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Is it unwise to let foreigners drive right-hand cars in VN?

Update: August, 27/2009 - 00:00

Your Say


Is it unwise to let foreigners drive right-hand cars in VN?

Viet Nam News asked its readers about the Ministry of Transport’s proposal to allow foreigners to drive cars with steering wheels on the right-hand side in Viet Nam.

Last week we asked readers for their opinions about the Ministry of Transport’s proposal that would allow foreigners to drive cars with steering wheels on the right while they visit and stay in Viet Nam.

Anucha Kwantientong, Thailand, Bangkok

I like travelling to other countries in my own car. Many countries allow cars with the steering wheel on the right to use their roads. When I go to these countries, I practise for a short time in order to get used to their traffic signals and laws.

I have never had any trouble driving in foreign countries.

Fortunately, the procedures for taking my car to other countries are not complicated. All I need is to do is show a valid copy of my driving licence and car registration.

It would be really wonderful if Viet Nam allows foreign tourists to bring their own cars here. I like to visit out of the way places by myself in an independent and active way.

Surely, this will boost the country’s tourism industry as there are nearly 60 countries which drive on the left. The number of people who wish to bring their own cars to discover your beautiful land must be great.

However, most of the roads in Viet Nam are narrow and the two lanes are often not marked. The Ministry of Transport should make it clear who has right of way on these narrow roads to minimise traffic congestion and the number of accidents.

Nguyen Duc Thang, Vietnamese, Ha Noi

Tourism is necessary for the development of our nation’s economy. However, the Ministry of Transport’s proposal is not the best way to do this in terms of money.

Next week:
Have you ever endured a long queue to get your paperwork done in Viet Nam or been confounded by administrative requirements?
Viet Nam launched an ambitious project called "30", to simplify administrative procedures between State offices, business and the public since 2007. The goal was a reduction in red tape and time spent waiting in line at administrative offices, including customs and taxation departments.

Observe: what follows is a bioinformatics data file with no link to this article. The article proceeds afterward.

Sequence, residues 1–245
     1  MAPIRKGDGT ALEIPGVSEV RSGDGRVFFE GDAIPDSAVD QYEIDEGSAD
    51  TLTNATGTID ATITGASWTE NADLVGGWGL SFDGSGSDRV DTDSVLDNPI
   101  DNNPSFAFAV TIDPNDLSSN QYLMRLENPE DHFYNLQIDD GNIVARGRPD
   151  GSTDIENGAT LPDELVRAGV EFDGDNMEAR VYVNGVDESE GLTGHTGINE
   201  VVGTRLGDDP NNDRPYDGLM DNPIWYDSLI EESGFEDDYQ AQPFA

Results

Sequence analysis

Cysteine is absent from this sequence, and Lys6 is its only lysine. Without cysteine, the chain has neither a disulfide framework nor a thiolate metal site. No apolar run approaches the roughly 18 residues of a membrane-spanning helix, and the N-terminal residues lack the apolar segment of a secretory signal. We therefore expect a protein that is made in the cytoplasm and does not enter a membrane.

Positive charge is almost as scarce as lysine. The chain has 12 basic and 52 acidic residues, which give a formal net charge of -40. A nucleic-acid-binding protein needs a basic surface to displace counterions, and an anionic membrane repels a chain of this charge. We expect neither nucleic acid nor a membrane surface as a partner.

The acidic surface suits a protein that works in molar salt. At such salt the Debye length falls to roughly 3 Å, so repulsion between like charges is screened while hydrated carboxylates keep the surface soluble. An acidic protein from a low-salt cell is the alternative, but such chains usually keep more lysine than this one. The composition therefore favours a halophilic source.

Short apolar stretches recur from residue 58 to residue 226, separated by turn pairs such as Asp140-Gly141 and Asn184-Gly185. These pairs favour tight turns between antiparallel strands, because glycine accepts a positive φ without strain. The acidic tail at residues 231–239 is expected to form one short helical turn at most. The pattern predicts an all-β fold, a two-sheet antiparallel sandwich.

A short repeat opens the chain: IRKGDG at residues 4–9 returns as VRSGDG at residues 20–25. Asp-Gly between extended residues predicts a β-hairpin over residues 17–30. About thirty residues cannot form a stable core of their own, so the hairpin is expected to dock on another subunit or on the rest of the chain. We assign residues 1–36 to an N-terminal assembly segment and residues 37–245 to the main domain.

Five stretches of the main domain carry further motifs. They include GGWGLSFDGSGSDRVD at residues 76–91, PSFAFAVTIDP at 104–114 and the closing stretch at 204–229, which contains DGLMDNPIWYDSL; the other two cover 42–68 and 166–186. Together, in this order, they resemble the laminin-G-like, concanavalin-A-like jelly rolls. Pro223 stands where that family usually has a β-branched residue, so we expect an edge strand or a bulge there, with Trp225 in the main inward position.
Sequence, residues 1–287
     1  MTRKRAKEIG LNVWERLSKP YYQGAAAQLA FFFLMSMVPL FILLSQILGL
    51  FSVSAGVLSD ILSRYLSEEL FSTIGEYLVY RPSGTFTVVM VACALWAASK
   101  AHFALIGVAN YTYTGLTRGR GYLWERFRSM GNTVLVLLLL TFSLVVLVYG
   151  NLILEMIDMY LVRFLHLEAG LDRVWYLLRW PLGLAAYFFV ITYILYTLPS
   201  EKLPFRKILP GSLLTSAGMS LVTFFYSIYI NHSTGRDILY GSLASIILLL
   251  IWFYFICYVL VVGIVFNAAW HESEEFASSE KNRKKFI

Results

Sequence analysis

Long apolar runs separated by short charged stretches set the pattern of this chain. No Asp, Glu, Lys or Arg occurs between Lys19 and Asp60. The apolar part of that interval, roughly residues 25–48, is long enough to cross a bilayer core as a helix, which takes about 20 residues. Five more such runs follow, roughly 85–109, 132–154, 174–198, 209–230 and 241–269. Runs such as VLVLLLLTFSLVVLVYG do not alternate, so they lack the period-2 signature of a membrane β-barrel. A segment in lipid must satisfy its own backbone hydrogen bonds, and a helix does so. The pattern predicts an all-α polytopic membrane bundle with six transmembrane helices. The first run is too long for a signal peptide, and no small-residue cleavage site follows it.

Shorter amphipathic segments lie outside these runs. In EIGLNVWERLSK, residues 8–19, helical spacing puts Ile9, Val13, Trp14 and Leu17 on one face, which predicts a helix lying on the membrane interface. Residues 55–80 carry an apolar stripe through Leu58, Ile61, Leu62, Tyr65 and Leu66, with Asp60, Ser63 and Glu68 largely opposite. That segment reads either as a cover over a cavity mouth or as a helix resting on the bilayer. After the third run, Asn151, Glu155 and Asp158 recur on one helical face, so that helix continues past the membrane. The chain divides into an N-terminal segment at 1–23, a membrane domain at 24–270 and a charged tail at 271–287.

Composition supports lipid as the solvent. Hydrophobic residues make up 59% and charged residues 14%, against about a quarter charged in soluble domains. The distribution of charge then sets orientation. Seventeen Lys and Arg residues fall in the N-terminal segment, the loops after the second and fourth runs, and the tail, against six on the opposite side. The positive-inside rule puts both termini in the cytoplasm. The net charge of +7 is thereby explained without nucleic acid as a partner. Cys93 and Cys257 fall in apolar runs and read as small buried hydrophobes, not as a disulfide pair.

Recently, the Government ordered ministries and sectors to work harder to reduce their procedures by a minimum of 30 per cent by the time the project wraps up next year. A national database of administrative procedures is expected to be posted online for public access by the end of next month (in Vietnamese only).
Administrative reform efforts are part of the World Trade Organisation membership requirements for the country.
Have you noted any differences since the implementation of the project? Can you share with us your experience in dealing with paperwork in Viet Nam and compare with that in your own country? What further changes do you think should be carried out to make the policy workable?

We welcome your opinions via e-mail to: – or by fax to 84 (0) 43 933 2311. Letters can be sent to The Editor, Viet Nam News, 11 Tran Hung Dao Street, Ha Noi.

Replies to this week’s question must be received by Thursday morning, September 3.

First, not all foreigners can afford to bring their own cars overseas. Those that do will have to go through a number of complicated procedures to bring their cars to Viet Nam. Therefore, it will be time-consuming, and hardly worth it for just a short visit. They would also have to meet the extra cost of doing so.

Second, driving in Viet Nam will be a headache for most foreigners, who will have to acquaint themselves with new traffic regulations. There is also the problem of traffic jams and accidents.

Third, Viet Nam has a high population. The roads are often narrow – even in Ha Noi and HCM City. The shortage of parking areas is also a problem that has not been resolved. I doubt whether this proposal will boost visitor numbers.